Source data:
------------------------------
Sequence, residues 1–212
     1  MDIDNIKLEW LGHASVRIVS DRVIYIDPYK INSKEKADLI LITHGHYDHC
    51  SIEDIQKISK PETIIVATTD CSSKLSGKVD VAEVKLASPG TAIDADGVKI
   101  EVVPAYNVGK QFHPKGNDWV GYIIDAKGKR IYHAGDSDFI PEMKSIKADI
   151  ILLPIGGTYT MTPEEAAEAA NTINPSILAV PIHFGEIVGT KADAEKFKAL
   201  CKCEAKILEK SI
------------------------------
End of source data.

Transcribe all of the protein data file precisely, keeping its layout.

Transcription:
Sequence, residues 1–212
     1  MDIDNIKLEW LGHASVRIVS DRVIYIDPYK INSKEKADLI LITHGHYDHC
    51  SIEDIQKISK PETIIVATTD CSSKLSGKVD VAEVKLASPG TAIDADGVKI
   101  EVVPAYNVGK QFHPKGNDWV GYIIDAKGKR IYHAGDSDFI PEMKSIKADI
   151  ILLPIGGTYT MTPEEAAEAA NTINPSILAV PIHFGEIVGT KADAEKFKAL
   201  CKCEAKILEK SI